The Big East was a conference full of perennial contenders. After a massive fall, it’s finally on the way up again.
I miss the Big East. The days of hard-nosed defensive basketball where an elbow was a hello.
There’s a saying that goes, “I wish there was a way to know you’re in the good old days before you’ve actually left them.”
For the Big East, those days seem long gone. Back when Patrick Ewing and John Thompson brought Georgetown to the pinnacle of college sports. The days where PJ Carlesimo (before he was choked by Latrell Sprewell) and Seton Hall gave Michigan’s “Fab Five” a run for it’s money, and when Chris Mullin was the best sharp shooter in the nation.
THAT, was the Big East.
The Big East started in 1979 when a conglomerate of Providence, St. John’s, Georgetown, and Syracuse were told by the NCAA to talk about the potential of creating a conference in the northeast.
The schools got together, and decided to invite Boston College, Seton Hall, Rutgers, Holy Cross, and Connecticut. Rutgers and Holy Cross declined their invites, and the conference was ready to go for its first season.
In its first season the conference had four 20-game winning teams, and three of those teams made the NCAA Tournament.
St. John’s, Syracuse, and Georgetown all represented the Big East. Syracuse was a number one seed, while St. John’s and Georgetown were both three seeds.
Unfortunately, Iowa played spoiler to both Syracuse and Georgetown in the East region, and Purdue upset the Johnnies out of the Mideast region.
However, this was just the start for the rise of the best conference in college basketball.
In 1980, Villanova made its jump to the Big East, followed by Pittsburgh in 1982. Penn State then applied for membership later in 1982, but was denied on a vote by the conference committee.
The conference had representative in the NCAA Tournament Final Four for six straight seasons in the 1980s, including wins from Georgetown in 1984 and Villanova in 1985.
The 1985 championship was perhaps the true peak of the Big East conference.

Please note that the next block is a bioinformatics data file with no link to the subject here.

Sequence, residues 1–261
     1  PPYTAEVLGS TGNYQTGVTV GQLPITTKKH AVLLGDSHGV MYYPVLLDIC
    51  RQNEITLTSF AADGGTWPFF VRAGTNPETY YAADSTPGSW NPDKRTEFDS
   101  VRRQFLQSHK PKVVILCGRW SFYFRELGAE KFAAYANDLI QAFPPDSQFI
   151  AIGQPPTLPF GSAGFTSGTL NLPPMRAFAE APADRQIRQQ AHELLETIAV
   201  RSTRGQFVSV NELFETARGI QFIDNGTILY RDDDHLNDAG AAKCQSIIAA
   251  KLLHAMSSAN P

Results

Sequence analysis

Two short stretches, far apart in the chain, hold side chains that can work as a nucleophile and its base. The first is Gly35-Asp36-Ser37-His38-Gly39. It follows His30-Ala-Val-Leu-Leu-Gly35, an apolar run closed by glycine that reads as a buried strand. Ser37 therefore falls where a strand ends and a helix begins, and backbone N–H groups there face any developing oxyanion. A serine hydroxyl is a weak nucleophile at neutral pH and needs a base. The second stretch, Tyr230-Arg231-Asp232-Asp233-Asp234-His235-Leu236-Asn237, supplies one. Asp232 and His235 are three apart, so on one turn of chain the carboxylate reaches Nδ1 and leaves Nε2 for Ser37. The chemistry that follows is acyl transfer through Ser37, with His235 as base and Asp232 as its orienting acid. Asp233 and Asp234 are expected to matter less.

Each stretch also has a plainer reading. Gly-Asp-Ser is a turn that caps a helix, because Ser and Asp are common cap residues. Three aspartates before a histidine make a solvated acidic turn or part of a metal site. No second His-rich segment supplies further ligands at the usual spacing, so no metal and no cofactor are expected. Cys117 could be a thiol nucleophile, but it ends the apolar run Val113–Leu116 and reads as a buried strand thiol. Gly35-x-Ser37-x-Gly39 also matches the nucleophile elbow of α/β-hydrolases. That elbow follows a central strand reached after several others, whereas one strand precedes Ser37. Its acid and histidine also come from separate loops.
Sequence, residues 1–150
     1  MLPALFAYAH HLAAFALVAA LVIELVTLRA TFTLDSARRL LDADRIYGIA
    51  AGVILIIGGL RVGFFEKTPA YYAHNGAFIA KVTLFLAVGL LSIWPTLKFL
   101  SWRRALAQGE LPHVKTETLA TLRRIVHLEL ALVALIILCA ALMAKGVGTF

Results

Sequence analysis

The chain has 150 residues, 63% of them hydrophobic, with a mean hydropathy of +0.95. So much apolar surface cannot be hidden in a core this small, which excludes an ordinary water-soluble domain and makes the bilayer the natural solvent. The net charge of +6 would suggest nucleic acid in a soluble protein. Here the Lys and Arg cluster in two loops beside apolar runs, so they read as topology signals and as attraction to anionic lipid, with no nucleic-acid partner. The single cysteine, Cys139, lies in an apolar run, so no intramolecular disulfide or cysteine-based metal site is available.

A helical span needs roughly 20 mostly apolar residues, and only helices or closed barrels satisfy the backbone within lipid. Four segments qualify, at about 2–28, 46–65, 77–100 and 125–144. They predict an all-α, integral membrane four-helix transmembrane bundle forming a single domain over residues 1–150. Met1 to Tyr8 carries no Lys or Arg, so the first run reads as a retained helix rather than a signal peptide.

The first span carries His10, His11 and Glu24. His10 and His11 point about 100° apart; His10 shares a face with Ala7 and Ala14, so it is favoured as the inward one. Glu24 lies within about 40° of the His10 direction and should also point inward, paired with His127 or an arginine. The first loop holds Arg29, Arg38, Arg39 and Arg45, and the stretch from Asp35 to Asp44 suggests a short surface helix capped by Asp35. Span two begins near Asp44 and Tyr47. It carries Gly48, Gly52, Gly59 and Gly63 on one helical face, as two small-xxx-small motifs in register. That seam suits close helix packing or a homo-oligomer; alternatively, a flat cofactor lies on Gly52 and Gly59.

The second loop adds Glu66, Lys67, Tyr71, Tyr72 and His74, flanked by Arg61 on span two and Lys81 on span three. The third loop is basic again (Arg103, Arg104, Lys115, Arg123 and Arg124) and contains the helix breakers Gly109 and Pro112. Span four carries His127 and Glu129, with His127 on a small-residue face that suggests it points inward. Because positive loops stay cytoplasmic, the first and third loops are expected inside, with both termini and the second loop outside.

The 1985 Championship
It is widely considered one of the best NCAA Tournament games of all time, as well as one of the best upsets.
Villanova went into the game as the eighth seed, taking on the defending champion Hoyas. The Hoyas, powered by a high powered front court that included Hall of Famer Patrick Ewing, were ranked in the top two the whole season.
They beat fellow Big East foe St. John’s in the National Semifinal to get to the Championship.
Villanova took down Memphis State, but only scored 55 points in the contest. This made fans believe that Georgetown was going to wipe ‘Nova, but the result proved otherwise.
The first half belonged to Nova as they relied heavily on big man Ed Pinckney, who was sick of spending the entire season in Patrick Ewing’s shadow.
The Wildcats were led by a stellar scoring performance from Dwayne McClain, and took a 29-28 lead into the half.
Just before the half, an iconic Big East moment happened. As the buzzer sounded, Reggie Williams of Georgetown shoved Villanova’s Chuck Everson in the face with two hands.
The spark was lit. It was time for act two.
Georgetown came out feeding Ewing, a star that everyone expected to shine, but it was Villanova’s bench hero that would propel them to victory.
Harold Jensen went perfect from the field off of the bench, scoring 14 points. The whole Wildcat team was perfect from the field 10 minutes into the second half, and they started swarming Ewing.
The defense would prove to be too much, leading the Wildcats to a 66-64 win in iconic fashion.
The Fall from Grace and Where we are Now
The Big East was an incredible conference, until it just couldn’t function anymore.
The conference heads got too concerned with trying to keep football and basketball conferences separate, that it led to the ultimate demise of the entire conference.
In 2012, the seven major Catholic schools in the conference, DePaul, Georgetown, Marquette, Providence, St. John’s, Seton Hall, and Villanova decided that they were going to separate from the Big East in 2015 because of the football schools.
The whole conference went up in arms after the Catholic Seven made this announcement, it forced the football schools in the conference to realign and find new conferences.
This meant Connecticut, Syracuse, Pittsburgh, and Rutgers would all leave, and it created an absolute blow up in the conference’s competitiveness.
Villanova remained active and capable of competing, but the other programs suffered an incredible amount after the conference lost its prestige.
Now, there’s been a major change.
The days of the Big East are back. The likes of Chris Mullin and Patrick Ewing are back leading the conference, and with Villanova coming off of a National Championship, the sky is the limit.
Marquette, Villanova, and St. John’s have all been ranked in the top 25, and there are two sure fire candidates for the Naismith Awards coming out of the conference. Both Markus Howard and Shamorie Ponds look like two super powers ready to lead their teams to victory.
The Big East is on the rise again, but it could take a while before it gets back to where it once was.